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Variants and vaccinations: the state of the virus in New York

Weather: A beautiful day – mostly sunny and less humid, with a high in the 80s.

Parking on the alternative side: Valid until August 15 (Feast of the Assumption).

As New York City came to life in early summer, masks fell and a more typical rhythm of life returned. But for some, the threat of the virus still represented lingering anxiety.

Those concerns grew as the highly infectious Delta variant pushed the city’s daily number of coronavirus cases to its highest total since mid-May.

As the city’s vaccination campaign struggles, some epidemiologists fear authorities are acting too slowly.

[Here’s our full explainer on the state of the virus and the city’s response.]

Even though cases in New York have increased, hospitalizations and deaths – measures health experts are watching closely – have not increased in the same way.

A A study conducted this week suggested that the single-shot Johnson & Johnson vaccine may be much less effective against the Delta variant than against the original virus, and those inoculated with it may need a second dose.

[Read more about the study’s findings and what else we know about the variant.]

About 58% of all New Yorkers have received at least one dose of a vaccine, according to city data.

But significant disparities persisted. Only about 33% of black New Yorkers of all ages have received an injection. And about half of all residents of Brooklyn and the Bronx have received at least one dose. In Manhattan, about 70 percent have done so.

The vast majority of people currently testing positive have not been fully vaccinated, officials say.

Mayor Bill de Blasio said this week that more than 40,000 workers at the city’s hospitals and health clinics will soon need to be vaccinated or have weekly tests.

But the mayor was reluctant to demand the same from the 300,000 other people who work for the city, such as police, firefighters, correctional officers and office workers.

Some other major cities have restarted indoor mask mandates that even include vaccinated residents (which Mr de Blasio said he would not do) or announced plans to require all city employees to be vaccinated.

Many large employers have plans to bring back office workers in September, but some companies are starting to push back their return dates.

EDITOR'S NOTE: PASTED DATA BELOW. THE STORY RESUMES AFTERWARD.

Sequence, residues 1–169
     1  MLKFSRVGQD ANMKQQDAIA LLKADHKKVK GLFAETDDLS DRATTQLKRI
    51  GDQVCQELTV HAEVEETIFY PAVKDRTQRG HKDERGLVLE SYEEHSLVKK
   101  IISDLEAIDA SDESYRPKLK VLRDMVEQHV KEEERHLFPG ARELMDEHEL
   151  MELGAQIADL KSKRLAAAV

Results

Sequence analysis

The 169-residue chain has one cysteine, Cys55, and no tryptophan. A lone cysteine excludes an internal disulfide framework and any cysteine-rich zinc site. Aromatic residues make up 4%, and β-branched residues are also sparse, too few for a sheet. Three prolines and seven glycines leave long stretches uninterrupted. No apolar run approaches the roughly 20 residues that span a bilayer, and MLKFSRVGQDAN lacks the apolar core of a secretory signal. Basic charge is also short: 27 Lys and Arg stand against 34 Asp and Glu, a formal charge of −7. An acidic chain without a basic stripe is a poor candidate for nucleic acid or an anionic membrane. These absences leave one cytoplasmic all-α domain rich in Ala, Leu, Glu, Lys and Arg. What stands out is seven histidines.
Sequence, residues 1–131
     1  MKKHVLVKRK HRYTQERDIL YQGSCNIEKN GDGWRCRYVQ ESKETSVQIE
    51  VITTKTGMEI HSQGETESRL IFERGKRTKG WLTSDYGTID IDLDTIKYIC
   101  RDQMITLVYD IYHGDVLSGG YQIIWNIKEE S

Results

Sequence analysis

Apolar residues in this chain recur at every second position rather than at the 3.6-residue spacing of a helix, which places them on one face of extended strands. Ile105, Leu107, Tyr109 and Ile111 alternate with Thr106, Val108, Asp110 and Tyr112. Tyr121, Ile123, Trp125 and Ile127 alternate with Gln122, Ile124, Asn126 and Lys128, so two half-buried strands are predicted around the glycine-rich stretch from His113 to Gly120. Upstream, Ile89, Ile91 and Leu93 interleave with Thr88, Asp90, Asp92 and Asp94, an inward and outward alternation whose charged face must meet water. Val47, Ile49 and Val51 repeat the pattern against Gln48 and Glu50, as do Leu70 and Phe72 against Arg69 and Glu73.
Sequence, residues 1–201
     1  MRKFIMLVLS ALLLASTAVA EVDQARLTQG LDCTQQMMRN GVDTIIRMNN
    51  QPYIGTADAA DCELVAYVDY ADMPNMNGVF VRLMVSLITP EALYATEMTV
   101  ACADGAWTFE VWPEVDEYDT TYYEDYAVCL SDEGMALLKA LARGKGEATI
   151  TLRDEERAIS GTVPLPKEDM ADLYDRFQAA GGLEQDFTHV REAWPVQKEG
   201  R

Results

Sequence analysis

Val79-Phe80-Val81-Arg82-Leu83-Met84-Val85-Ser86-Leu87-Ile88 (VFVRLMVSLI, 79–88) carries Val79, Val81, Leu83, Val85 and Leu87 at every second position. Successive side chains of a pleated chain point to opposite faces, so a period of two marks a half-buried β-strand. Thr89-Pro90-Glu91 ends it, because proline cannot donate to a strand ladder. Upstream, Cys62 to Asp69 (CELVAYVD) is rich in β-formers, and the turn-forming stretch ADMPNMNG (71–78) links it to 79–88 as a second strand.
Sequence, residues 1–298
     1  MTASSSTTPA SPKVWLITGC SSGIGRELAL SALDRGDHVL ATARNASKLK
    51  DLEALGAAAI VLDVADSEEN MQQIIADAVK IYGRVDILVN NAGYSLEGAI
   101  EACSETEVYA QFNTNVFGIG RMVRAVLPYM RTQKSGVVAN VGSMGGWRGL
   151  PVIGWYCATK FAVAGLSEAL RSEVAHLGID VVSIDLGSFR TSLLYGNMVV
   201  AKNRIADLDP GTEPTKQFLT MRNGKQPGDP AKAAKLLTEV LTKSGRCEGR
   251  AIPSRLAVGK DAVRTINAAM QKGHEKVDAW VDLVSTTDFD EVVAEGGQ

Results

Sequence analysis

Mr de Blasio insisted that schools will reopen fully in September as planned and that a distance option will not be available. Children under 12 cannot yet be vaccinated, but the city plans to require students to wear masks at school, among other safety precautions.

Caragh Poh writes:

Kmart opened at 770 Broadway, a commercial landmark where the West Village meets the East, in 1996. Anyone who has taken 6 to Astor Place may remember the big red “K” as the one can see from the metro platform, inviting passengers to hunt for discounts.

For those who have actually stopped by in search of a three-pack of Hanes t-shirts or a clean urban bathroom, the store could provide a memorable and sometimes haunting shopping experience. At least that was the case for everyone who shared tributes online to the store after it closed abruptly on July 11.

On Twitter, author Jason Diamond described going to Astor Place Kmart as “one of the strangest shopping experiences for reasons I’ve never been able to put my finger on.”

“I have never been to Astor Place Kmart, mainly because I was sure it was haunted”, tweeted Malika Hunasikatti, a 32-year-old policy scholar.

In recent years, Astor Place Kmart has bravely defied all logic of consumer psychology: the aisles of the store were rearranged so often that it felt like an ongoing farce. “I went in October looking for Halloween stuff, and they only had one huge St. Patrick’s Day screen,” said Valerie Kamen, a 29-year-old screenwriter living in the East Village.

In addition to featuring a mind-boggling assortment of items, the Kmart lined up in the ’90s and early days with a mishmash of celebrities and entertainment franchises. There was a time, in 1997, when U2 played in the lingerie section of the store. Garth Brooks, JoJo, Martha Stewart, Aaron Carter and Sofia Vergara all visited.

The announcement of the store’s closure was discreet, communicated through prints stuck to clothes racks and windows. But there had been rumblings for some time, and it wasn’t so surprising that others in several states began to shut down.

Yet knowing that something is coming to an end doesn’t make it any less sad, and this Kmart in particular felt different.

It’s Thursday, remember the good times.

Dear Diary:

My dentist had been trying to save a large molar tooth for weeks. One Tuesday, I called him in great pain, and he pulled it out the next day.

If you’ve ever had a tooth taken out, you know that the dentist or surgeon does a few stitches and covers the opening with gauze that you replace every hour.

After leaving the dentist’s office, I got into the elevator. There was a woman standing diagonally across from me.

“Your boot laces are undone,” she said.

– I know, I say scrambled through the gauze and the Novocain. “I just had a tooth pulled out and I have a gauze wrap. I can’t bend over.

“But you’re going to trip and fall,” she said.

“It will be fine.”

“Let me tie it up for you. “

“No, you don’t have to,” I said, “but thank you.”

She knelt down, tied the loosened laces of one of my boots and tightened the laces of the other.

– That’s so nice of you, I say. “Thank you.”

“Now you won’t trip,” she said when the elevator opened downstairs.

– Arthur Davis

Illustrated by Agnès Lee. Read more about the metropolitan agenda here.

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